Software and intelligent machines are altering our lives, but we often forget how much they still rely on the resources of the physical world which is deeply rooted in the past. Tesla has leveraged technology to transform how cars are built, powered, and sold yet it still requires a massive amount of physical capital to make its business viable. Our smartphones, which open up vast windows of possibility for even the world’s poorest people, are still mostly assembled by hand in factories. Facebook, Amazon, Google, and Netflix may have transformed the way we find and consume information, entertainment, and products, but they still rely heavily on huge amounts of physical infrastructure. The virtual world intersects the physical world a lot more than some are willing to admit. The digital world relies on the material world for its existence. Change happens at the speed of thought in virtual space, but far more slowly in real time. As those forces continue to collide, I expect to see far more resistance, particularly as that change directly impacts the vested interests of the physical world.

As far Net Neutrality goes, I’m not sure how it’s going to play out — though, if I have to admit it, I’m a little pessimistic about the situation being resolved in a way that benefits innovation and consumers.

However, I’m more certain the virtual world and the physical world will increasingly find themselves at odds. How those conflicts resolve will reveal a great deal about how our world will likely change in both the short and long term. Will the politically connected, entrenched interests prevail? Or will they eventually be swept away by the irresistible technological wave that seems determined to swiftly transform our world more in the next decade than it has over the entire course of human history?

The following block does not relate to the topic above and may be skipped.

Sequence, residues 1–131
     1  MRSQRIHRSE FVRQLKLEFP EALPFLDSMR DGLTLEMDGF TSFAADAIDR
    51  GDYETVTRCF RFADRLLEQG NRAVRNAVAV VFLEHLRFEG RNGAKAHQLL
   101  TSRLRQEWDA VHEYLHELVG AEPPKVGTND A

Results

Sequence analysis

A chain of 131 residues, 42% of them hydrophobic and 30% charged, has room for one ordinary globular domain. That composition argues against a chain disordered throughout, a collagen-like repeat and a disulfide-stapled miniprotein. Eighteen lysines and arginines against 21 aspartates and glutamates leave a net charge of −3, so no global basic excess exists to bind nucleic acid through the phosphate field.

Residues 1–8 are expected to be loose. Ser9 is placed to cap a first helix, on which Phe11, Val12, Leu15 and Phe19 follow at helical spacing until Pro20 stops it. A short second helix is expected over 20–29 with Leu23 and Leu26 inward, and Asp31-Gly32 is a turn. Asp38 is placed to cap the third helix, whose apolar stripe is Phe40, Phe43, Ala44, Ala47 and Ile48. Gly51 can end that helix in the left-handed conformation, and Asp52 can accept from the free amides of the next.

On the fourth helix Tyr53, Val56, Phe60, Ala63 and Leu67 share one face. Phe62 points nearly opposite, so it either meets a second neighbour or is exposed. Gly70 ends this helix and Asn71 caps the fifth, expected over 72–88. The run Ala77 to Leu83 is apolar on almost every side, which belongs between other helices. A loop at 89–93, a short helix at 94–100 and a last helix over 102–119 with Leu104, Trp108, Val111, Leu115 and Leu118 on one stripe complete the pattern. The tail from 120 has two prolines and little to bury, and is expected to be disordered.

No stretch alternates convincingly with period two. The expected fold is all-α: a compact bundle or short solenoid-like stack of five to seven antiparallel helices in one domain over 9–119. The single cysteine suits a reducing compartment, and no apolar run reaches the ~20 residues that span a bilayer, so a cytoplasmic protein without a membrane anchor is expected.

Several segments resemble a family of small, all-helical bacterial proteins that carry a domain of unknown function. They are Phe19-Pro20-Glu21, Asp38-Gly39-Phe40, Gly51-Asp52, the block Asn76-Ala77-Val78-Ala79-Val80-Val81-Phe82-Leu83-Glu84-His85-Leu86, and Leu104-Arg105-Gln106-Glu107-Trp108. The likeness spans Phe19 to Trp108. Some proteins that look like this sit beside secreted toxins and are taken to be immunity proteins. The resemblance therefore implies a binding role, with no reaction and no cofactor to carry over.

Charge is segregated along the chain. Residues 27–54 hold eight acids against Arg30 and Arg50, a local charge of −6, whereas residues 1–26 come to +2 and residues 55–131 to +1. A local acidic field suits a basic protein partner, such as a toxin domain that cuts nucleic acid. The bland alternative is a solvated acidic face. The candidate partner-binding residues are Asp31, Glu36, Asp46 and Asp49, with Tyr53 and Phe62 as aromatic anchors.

The present may favor the former outcome, but history certainly favors the latter.

I Will Never, EVER Buy An Oculus Rift

Roughly six out of seven people in the world don’t use Facebook. Count me in that group of six. I’ve never been a fan of it. When I think of Facebook, I think of a club. Not a social group, like the Boy Scouts, but more of a trendy dance club. Nothing improves the mystique of a place like a velvet rope to keep out the goobers and riff raff. So, in its early days, you had to be a certain “type” of person to get into Facebook. It was the spot for young college kids — probably as self-important a group as there is. It became the place to see and be seen. To be on Facebook was to be on the cutting edge, part of an exclusive club of the movers and shakers of tomorrow.

Word got around and, like every exclusive club, more people wanted in. The quickest way to ruin the appeal of an exclusive club is a liberal door policy, but keeping people out is like leaving money on the table. So, if you’re smart, you open up another club across town with the same name and relax your admission standards a little. Once that club reaches capacity, you do the same thing in a different part of town and so on. Before you know it, not only do you have a town full of clubs you control brimming with people, but you’ve made it almost impossible for anyone else to start a club by controlling both mindshare and location.